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In August, the United States passed the CHIPS and Science Act, authorizing about US$280-billion in new funding to spur research and production in semiconductors. In the following months, U.S. President Joe Biden has attended a ribbon-cutting ceremonies for new multibillion-dollar chip production facilities in Ohio and Arizona.Patrick Semansky/The Associated Press

Benjamin Bergen is president, and Nicholas Schiavo is director of federal affairs, of the Council of Canadian Innovators.

The past few years brought us many headlines about the “chip shortage” and disruption of the supply chains for everything from trucks to toasters. But you may have missed the flurry of activity since then.

In August, the United States passed the CHIPS and Science Act, authorizing about US$280-billion in new funding to spur research and production in semiconductors, a key component in the valuable computer chips that are at the heart of most things we use. Moving quickly, in September U.S. President Joe Biden attended a ribbon-cutting ceremony for new multibillion-dollar Intel chip production facility in Ohio and then in December, Mr. Biden was in Arizona for another ribbon-cutting with semiconductor leader TSMC.

We are seeing a major push by the United States in onshoring its semiconductor supply chain, wary of the security implications if China continues to dominate this important field. Canada needs to appreciate that motivation and be active, engaged and strategic in ensuring its own semiconductor industry does not lose out.

Among Canadian semiconductor companies, there’s a lively debate about whether Canada should ultimately pursue its own long-term goal of a domestic semiconductor fabrication plant, or whether we should focus on value-chain niches where we can play to our strengths.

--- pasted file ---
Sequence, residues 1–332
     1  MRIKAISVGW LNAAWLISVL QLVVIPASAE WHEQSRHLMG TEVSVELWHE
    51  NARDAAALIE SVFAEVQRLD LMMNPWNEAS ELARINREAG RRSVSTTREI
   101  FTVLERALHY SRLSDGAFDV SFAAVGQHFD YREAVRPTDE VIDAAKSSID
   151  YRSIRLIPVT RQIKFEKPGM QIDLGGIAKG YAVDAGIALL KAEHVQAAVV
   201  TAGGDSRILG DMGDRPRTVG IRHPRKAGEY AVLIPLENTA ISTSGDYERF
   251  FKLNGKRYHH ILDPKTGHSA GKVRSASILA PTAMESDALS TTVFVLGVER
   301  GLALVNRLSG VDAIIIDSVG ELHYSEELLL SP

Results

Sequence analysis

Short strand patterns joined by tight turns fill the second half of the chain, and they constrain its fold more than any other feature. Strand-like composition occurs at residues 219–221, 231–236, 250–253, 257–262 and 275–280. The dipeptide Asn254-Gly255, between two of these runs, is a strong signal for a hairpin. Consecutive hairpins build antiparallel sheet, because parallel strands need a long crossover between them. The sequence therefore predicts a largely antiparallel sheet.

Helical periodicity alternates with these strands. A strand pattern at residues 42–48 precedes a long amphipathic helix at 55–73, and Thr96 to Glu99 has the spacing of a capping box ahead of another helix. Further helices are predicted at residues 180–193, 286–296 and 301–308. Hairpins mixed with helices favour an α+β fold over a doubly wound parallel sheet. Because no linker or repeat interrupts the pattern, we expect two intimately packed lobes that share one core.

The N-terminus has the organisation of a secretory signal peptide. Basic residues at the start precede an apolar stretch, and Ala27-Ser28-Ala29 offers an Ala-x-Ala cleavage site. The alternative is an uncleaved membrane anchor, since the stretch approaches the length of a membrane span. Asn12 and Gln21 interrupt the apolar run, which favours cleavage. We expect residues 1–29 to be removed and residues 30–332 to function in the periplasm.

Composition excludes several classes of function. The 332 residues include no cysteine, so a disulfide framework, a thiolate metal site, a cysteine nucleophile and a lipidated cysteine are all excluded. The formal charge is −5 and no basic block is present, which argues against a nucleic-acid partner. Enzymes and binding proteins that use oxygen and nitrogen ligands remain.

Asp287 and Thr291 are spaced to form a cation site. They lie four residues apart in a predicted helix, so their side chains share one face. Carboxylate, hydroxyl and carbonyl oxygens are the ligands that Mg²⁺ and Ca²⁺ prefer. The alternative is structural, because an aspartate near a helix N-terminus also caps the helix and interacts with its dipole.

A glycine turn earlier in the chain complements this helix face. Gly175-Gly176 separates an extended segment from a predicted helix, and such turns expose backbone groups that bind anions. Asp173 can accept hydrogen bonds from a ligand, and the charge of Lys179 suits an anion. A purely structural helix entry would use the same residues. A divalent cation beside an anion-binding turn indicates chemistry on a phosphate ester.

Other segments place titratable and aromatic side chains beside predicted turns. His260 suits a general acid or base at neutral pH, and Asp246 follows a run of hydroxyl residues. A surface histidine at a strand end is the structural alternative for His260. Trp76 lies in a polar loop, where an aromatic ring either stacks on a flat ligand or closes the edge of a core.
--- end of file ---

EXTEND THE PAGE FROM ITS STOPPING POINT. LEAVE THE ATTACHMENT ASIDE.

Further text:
As a first step, Ottawa should conduct an in-depth inventory of Canadian chip companies and university-based R&D activities that play a role in the broader value chain of components, intellectual property and expertise, to understand our existing strengths and specialties. From there, policy makers should develop a plan in collaboration with industry, with an unflinching focus on building up Canadian companies and ensuring that Canadian innovations lead to Canadian-owned intellectual property within global semiconductor value chains.

Canada was once a leader in semiconductors. But without foresight into how critical this sector has become, our foreign investment strategy allowed for the hollowing out of valuable companies including Tundra Semiconductor in 2009, DALSA in 2010, and Gennum Corp. in 2012.

Canada still has some promising companies in the semiconductor space, such as Tenstorrent, making specialized chips for AI applications, or Ranovus, making high-capacity hardware for network applications. But privately, we also hear the same worrying refrain that shows up in so many conversations around Canadian tech – that cutting-edge semiconductor research funded at Canadian universities is ultimately scooped up and commercialized by foreign companies because we have no national strategy.

Without a focus on owning critical technology, Canada’s semiconductor ecosystem will ultimately emerge as a version of the same old Canadian “innovation” playbook – generous funding for academic research and subsidies for foreign multinationals to set up branch plant operations in Canada.

This exact mentality is what led to the disappointing results on the Canadian AI strategy, and why we have stagnated after an early lead in this technology. We tried courting Microsoft, Google and Uber to open “innovation hubs” in Canada along with lavish funding for academic research without any focus on benefits to local economy. This week, one of those branch plants closed.

If the government doesn’t focus on developing an actual semiconductor strategy that includes a focus on owning intellectual property derived from publicly funded research, Canadians are compromising our national security and simply doing innovation philanthropy for foreign companies – again.

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